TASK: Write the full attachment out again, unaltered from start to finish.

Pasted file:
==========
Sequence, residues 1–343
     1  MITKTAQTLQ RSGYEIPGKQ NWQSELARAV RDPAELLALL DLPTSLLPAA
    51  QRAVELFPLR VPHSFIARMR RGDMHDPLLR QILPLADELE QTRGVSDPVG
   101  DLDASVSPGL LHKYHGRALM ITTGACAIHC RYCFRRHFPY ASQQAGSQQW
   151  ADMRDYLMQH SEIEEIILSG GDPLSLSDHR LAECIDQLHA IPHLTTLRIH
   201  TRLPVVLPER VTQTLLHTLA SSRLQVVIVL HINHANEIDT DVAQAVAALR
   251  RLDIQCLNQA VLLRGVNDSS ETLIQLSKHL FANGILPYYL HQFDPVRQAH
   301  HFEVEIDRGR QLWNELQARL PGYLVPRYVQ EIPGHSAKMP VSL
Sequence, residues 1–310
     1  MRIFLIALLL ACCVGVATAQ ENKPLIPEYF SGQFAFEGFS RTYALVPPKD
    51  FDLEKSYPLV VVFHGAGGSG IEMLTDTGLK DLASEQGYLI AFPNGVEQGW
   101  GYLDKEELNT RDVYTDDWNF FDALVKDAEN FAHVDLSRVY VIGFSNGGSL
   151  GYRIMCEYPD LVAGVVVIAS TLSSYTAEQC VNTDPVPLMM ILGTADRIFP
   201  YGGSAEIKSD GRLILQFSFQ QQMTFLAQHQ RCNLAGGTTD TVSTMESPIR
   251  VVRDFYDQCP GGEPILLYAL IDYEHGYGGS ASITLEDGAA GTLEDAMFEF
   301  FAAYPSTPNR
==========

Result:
Sequence, residues 1–343
     1  MITKTAQTLQ RSGYEIPGKQ NWQSELARAV RDPAELLALL DLPTSLLPAA
    51  QRAVELFPLR VPHSFIARMR RGDMHDPLLR QILPLADELE QTRGVSDPVG
   101  DLDASVSPGL LHKYHGRALM ITTGACAIHC RYCFRRHFPY ASQQAGSQQW
   151  ADMRDYLMQH SEIEEIILSG GDPLSLSDHR LAECIDQLHA IPHLTTLRIH
   201  TRLPVVLPER VTQTLLHTLA SSRLQVVIVL HINHANEIDT DVAQAVAALR
   251  RLDIQCLNQA VLLRGVNDSS ETLIQLSKHL FANGILPYYL HQFDPVRQAH
   301  HFEVEIDRGR QLWNELQARL PGYLVPRYVQ EIPGHSAKMP VSL
Sequence, residues 1–310
     1  MRIFLIALLL ACCVGVATAQ ENKPLIPEYF SGQFAFEGFS RTYALVPPKD
    51  FDLEKSYPLV VVFHGAGGSG IEMLTDTGLK DLASEQGYLI AFPNGVEQGW
   101  GYLDKEELNT RDVYTDDWNF FDALVKDAEN FAHVDLSRVY VIGFSNGGSL
   151  GYRIMCEYPD LVAGVVVIAS TLSSYTAEQC VNTDPVPLMM ILGTADRIFP
   201  YGGSAEIKSD GRLILQFSFQ QQMTFLAQHQ RCNLAGGTTD TVSTMESPIR
   251  VVRDFYDQCP GGEPILLYAL IDYEHGYGGS ASITLEDGAA GTLEDAMFEF
   301  FAAYPSTPNR